I am a developer and musician who likes to make art and interactive experiences with code. I am especially interested in exploring new ways of making and interfacing with music. Check out NonCoreProjector for my latest art projects. In May 2017 I graduated from Tufts University with a degree in Computer Science and German Language and Literature, and now live in New York City.

Feel free to contact me. I am also on Github, Soundcloud, LinkedIn, Instagram, Medium, and occasionally Twitter.

Website by me.

Verbolect is visual exploration of a conversation between Cleverbot and itself. Cleverbot is a chatbot that uses artificial intelligence to talk with users. First made available in 1997, it learns from its conversations to generate responses, so everything that Cleverbot says has at some point been said to it. In this way, the project is as much an exploration of human tendencies as it is of artificial intelligence.

The installation, which allows you to see and hear the conversation, ran continuously from October 20 to November 19, 2017 at The Boiler in Brooklyn.

This project was a collaboration with artist and teacher John O'Connor, Cleverbot creator and AI expert Rollo Carpenter, and multimedia artist Jack Colton. Together we founded a collective called NonCoreProjector.

My Role: I implemented the projection, which manifests itself as a web application that uses several APIs to retrieve data that is then interpreted on the screen. The Cleverbot API is the backbone of the piece, as it generates the conversation. It provides emotional data that we use to produce visuals that correspond to each piece of the conversation. To get the idea, here is an example response from the API (these are the most relevant fields; the full response has many more).

input:"Nice to meet you, too!",
output:"What are you doing now?",

We use these values to generate color, shape, video, and image by drawing on the HTML canvas, using a D3 force simulation, and calling external APIs (YouTube, stock footage, etc) These "modules" are explored by a roving eye while the conversation takes place. From the press release: The main organizational construct of the projection is of a roving eye — simultaneously the idea of the bot searching outside of itself, into the world, looking for patterns, and of us, looking into its brain as if through a peephole. The emotional intensity of the words the bot speaks will dictate the substance, pace and movements of the projection’s machinations.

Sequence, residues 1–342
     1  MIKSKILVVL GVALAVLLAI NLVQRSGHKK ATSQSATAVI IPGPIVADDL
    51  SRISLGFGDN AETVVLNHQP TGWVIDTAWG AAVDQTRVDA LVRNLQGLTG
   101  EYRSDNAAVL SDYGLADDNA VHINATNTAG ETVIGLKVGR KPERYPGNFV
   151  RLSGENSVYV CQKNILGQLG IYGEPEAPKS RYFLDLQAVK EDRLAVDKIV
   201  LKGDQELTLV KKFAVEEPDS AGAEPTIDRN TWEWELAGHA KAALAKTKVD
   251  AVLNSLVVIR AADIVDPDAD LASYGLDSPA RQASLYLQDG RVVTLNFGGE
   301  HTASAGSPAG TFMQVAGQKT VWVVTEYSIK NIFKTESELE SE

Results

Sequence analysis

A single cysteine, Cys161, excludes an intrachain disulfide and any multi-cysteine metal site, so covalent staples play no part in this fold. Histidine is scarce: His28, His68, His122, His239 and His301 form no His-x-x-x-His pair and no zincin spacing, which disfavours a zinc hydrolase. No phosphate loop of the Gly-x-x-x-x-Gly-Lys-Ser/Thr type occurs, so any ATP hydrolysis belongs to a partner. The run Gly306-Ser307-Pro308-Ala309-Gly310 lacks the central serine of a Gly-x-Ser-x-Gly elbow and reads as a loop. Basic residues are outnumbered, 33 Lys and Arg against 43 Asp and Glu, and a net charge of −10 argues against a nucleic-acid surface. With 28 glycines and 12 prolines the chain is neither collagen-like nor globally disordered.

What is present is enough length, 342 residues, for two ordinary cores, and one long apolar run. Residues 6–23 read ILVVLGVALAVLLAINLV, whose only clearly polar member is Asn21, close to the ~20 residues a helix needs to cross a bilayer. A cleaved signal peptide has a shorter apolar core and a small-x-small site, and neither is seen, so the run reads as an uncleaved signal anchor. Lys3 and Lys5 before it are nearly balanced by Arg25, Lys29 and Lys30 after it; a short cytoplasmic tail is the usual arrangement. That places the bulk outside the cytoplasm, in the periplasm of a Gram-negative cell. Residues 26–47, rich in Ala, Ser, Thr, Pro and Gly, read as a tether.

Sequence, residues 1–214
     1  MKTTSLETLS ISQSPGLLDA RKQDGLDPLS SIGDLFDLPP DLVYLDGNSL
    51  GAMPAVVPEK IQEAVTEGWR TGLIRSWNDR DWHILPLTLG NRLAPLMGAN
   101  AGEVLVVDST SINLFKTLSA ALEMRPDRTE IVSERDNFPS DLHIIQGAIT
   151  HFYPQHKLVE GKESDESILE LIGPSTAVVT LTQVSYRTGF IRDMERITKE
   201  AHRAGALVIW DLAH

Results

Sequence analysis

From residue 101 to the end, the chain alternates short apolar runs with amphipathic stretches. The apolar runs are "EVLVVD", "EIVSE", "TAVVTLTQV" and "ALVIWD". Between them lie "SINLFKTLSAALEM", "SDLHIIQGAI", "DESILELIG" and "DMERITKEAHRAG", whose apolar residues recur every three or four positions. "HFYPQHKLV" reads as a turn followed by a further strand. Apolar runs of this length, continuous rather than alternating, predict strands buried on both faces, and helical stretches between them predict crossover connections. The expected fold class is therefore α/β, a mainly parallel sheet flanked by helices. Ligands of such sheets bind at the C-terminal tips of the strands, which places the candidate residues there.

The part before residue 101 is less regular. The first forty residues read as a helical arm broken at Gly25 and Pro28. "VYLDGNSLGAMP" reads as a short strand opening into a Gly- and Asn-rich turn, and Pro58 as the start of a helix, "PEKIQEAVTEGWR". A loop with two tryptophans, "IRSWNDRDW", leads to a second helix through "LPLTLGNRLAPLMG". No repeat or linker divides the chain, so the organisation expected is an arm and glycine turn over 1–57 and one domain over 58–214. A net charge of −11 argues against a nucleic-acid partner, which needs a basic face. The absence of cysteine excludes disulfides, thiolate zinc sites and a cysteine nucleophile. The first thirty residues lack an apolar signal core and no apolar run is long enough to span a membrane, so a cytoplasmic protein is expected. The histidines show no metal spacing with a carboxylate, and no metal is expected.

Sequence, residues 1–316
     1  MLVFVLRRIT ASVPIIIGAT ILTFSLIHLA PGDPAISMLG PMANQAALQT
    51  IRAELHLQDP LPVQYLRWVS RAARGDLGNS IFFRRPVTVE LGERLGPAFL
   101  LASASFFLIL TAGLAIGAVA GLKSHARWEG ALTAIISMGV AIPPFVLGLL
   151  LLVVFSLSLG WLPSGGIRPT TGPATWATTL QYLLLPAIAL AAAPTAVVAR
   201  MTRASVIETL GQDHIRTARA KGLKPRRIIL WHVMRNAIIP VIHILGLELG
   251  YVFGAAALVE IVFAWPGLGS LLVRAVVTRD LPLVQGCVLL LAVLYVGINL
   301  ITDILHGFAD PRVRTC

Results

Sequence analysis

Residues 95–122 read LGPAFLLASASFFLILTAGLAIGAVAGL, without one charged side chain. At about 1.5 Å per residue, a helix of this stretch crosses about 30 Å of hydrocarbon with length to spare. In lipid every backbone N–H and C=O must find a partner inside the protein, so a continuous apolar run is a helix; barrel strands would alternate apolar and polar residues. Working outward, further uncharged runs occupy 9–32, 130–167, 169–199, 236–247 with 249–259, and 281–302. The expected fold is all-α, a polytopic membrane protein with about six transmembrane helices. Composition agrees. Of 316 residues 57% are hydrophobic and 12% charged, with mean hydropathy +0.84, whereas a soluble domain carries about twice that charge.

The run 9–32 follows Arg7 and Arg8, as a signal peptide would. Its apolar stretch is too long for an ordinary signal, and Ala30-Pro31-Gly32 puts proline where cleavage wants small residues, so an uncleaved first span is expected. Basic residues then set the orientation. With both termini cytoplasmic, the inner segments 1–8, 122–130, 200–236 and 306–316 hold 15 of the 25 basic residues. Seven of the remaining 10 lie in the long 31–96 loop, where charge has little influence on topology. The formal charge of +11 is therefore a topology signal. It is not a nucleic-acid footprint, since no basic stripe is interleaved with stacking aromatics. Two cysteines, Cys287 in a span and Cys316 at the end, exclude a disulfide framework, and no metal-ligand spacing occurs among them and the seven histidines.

Tools: Processing, JavaScript, D3.js, HTML, CSS

Fiber is an interactive VR experience that allows you to “step inside a song” and discover its full story, contributors and context.
fiber prototype screenshot

Fiber is the result of a two month Summer Lab at the Open Music Initiative, which is a partnership between IDEO and Berklee College of Music. The OMI mission is to create an "open-source protocol for the uniform identification of music rights holders and creators." This currently manifests itself as an API that can be used to register and query information. Our job in the Summer Lab was to imagine a future where this information is open and accessible.

Our team took on the challenge of "identifying individuals for their contributions to single tracks in new works." We expanded on the prompt and focused on interactively telling the whole story of a song.

One of our early prototypes was a cube that could be exploded into shards. Each piece represented an element of the song, whether that be the guitar part or the person who mastered the track.
For our next iteration we focused on telling the story of a song instead of simply assembling information about it. We chose 'Same Drugs' by Chance the Rapper and crafted a virtual reality environment that the user can interact with to discover the narrative and context behind the music.
For more information about our ideas and development, check out our articles that we wrote throughout the process: